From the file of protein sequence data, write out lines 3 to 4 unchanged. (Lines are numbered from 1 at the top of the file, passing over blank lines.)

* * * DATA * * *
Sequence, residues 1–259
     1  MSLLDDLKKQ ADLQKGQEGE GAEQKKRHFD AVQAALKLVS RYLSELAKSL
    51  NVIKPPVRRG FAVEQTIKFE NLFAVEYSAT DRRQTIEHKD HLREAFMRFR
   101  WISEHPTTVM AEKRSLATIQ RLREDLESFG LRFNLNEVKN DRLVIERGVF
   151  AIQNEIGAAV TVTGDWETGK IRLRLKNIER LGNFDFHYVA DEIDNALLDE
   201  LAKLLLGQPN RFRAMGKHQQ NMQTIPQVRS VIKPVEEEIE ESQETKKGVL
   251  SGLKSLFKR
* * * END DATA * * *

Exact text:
    51  NVIKPPVRRG FAVEQTIKFE NLFAVEYSAT DRRQTIEHKD HLREAFMRFR
   101  WISEHPTTVM AEKRSLATIQ RLREDLESFG LRFNLNEVKN DRLVIERGVF